How Compassion Benefits in the Healing Process
Submission Deadline: March 31, 2019 (Open) Submit Now
Steven K. H. Aung, CM, AOE, MD, PhD, FAAFP
1. Director and Clinical Professor, Integrative Health Institute (IHI), Departments of Medicine and Family Medicine, Faculty of Medicine and Dentistry, University of Alberta, Edmonton, AB T6G 2C8, Canada
2. Adjunct Professor, Faculties of Extension, Pharmacy & Pharmaceutical Sciences, Rehabilitation Medicine, and School of Public Health, University of Alberta, Edmonton, AB T6G 2C8, Canada
E-Mail: [email protected]
Websites: http://www.aung.com; https://uofa.ualberta.ca/integrative-health-institute/directors/steven-aung
Research Interests: Traditional Chinese Medicine (TCM); acupuncture; integrative medicine
About This Topic
Compassion can be defined in many ways, but each definition has positive connotations. There is two ways of treating a patient; one is treating with a lack of compassion, a very mechanical and utilitarian approach. The other is with compassion and kindness, a way in which promotes trust and friendship between doctor and patient. When treating this way a doctor must have good intentions and not simply be treating a patient, but healing from the bottom of their heart.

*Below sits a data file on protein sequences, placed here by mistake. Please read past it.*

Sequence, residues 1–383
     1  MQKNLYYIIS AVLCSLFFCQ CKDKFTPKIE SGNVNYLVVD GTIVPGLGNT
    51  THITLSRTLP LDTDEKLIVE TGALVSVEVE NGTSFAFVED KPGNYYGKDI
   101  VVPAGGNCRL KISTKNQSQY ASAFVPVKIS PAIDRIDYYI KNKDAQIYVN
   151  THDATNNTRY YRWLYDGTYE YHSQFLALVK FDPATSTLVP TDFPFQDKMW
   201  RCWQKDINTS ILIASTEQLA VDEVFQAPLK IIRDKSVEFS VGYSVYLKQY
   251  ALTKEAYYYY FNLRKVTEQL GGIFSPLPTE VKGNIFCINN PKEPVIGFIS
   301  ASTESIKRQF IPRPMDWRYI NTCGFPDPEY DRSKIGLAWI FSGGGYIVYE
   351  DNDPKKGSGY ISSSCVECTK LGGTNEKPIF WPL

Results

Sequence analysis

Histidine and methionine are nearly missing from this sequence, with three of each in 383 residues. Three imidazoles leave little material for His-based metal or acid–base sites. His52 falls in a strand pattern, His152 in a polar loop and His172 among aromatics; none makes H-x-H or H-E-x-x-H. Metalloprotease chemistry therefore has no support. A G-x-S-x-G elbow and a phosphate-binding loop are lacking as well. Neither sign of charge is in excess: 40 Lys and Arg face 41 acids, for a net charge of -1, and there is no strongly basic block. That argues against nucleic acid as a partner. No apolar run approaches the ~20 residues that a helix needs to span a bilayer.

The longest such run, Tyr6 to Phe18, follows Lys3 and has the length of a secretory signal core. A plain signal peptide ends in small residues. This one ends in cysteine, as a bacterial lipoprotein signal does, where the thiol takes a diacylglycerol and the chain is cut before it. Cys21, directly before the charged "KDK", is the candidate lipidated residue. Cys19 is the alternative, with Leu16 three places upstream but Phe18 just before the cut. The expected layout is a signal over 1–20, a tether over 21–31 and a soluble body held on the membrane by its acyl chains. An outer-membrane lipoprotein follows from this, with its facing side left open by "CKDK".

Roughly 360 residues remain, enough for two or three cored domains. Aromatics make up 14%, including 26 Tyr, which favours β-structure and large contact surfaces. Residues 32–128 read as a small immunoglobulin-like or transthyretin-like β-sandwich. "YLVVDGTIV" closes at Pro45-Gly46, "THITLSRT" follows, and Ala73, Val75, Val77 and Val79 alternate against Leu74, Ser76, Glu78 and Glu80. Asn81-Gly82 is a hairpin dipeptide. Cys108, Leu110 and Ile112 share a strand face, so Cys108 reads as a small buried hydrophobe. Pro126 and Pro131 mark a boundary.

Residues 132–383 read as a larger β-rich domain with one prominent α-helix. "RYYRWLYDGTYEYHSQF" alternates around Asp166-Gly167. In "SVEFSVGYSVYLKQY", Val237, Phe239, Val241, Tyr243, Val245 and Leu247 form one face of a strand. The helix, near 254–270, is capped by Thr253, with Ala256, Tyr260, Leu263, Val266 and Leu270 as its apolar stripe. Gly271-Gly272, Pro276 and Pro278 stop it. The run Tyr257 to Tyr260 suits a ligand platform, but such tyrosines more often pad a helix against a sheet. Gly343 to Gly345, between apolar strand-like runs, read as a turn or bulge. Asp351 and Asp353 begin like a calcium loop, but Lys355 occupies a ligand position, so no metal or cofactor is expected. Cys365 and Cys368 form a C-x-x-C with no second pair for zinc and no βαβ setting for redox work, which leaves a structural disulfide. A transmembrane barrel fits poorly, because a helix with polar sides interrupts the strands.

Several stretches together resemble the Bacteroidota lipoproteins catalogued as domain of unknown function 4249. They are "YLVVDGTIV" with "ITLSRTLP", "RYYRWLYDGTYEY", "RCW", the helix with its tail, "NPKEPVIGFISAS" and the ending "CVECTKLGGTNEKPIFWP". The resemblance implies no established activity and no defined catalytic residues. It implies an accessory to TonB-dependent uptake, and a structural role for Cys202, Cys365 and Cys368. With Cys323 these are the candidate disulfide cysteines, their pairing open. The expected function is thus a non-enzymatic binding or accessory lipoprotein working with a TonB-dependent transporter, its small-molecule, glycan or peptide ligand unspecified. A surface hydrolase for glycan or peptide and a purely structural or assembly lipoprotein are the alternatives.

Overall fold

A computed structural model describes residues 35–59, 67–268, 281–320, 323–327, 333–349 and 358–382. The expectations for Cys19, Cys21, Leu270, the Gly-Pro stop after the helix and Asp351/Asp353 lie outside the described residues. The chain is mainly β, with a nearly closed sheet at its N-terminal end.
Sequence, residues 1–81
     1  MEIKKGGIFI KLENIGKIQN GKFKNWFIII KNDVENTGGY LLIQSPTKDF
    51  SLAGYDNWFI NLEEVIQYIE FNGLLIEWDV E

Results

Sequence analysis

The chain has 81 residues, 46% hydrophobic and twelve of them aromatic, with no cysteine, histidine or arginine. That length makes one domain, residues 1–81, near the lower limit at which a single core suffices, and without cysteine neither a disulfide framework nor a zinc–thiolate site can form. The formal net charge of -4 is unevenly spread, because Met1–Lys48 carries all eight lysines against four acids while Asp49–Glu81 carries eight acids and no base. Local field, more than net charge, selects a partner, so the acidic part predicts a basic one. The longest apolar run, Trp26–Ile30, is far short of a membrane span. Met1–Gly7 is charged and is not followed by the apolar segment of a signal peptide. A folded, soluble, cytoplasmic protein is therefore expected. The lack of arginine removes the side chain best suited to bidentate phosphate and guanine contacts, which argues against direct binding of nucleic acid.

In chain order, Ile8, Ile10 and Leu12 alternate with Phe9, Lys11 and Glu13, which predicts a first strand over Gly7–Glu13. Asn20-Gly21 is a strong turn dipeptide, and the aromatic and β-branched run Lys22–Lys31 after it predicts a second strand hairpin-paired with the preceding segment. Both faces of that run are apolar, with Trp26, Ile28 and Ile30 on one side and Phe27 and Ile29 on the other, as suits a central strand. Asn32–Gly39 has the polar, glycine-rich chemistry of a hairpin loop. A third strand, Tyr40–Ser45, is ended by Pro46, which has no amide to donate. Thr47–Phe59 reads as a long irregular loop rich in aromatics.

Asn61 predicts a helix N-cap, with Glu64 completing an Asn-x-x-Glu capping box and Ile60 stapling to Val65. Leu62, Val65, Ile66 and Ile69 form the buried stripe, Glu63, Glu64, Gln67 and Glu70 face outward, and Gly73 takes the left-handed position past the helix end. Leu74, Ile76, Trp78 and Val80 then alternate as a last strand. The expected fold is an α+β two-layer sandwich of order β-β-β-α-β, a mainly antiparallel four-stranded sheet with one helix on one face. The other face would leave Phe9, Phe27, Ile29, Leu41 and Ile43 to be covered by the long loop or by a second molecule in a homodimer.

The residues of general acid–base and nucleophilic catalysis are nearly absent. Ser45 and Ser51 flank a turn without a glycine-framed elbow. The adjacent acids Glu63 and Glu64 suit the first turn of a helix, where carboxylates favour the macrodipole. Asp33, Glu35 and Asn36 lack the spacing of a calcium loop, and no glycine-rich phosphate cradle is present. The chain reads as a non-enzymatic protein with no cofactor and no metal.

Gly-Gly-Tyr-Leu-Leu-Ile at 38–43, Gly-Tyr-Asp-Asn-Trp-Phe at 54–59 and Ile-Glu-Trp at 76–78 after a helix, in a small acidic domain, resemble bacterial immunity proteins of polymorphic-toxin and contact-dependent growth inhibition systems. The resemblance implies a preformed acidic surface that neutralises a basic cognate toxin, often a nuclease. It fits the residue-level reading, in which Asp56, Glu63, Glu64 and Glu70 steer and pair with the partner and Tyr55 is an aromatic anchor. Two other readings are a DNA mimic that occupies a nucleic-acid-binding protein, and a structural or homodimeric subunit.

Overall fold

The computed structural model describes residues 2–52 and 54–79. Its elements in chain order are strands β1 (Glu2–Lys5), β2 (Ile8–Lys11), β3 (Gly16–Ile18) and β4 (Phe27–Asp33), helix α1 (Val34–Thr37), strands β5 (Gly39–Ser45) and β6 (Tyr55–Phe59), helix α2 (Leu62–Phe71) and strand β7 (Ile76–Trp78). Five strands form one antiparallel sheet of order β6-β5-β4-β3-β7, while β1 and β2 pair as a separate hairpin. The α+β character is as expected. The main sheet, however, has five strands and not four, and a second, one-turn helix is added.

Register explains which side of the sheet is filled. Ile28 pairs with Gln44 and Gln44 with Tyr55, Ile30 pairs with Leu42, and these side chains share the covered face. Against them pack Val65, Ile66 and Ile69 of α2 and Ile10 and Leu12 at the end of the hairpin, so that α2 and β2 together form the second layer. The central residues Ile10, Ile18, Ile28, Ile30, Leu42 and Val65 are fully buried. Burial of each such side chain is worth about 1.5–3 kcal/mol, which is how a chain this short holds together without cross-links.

This special issue focuses on the effects of patient – doctor relationships when compassion is involved in the healing process, and the benefits this may hold for the future success of acupuncture and medicine as a whole.
Title: Mindfulness Meditation and Self-Compassion to Heal Violations of Personal Vulnerabilities
Author: Elliot Benjamin
Affiliations: Psychology mentor/Ph.D committee chair at Harold Abel School of Psychology, Capella University, Minneapolis, MN, USA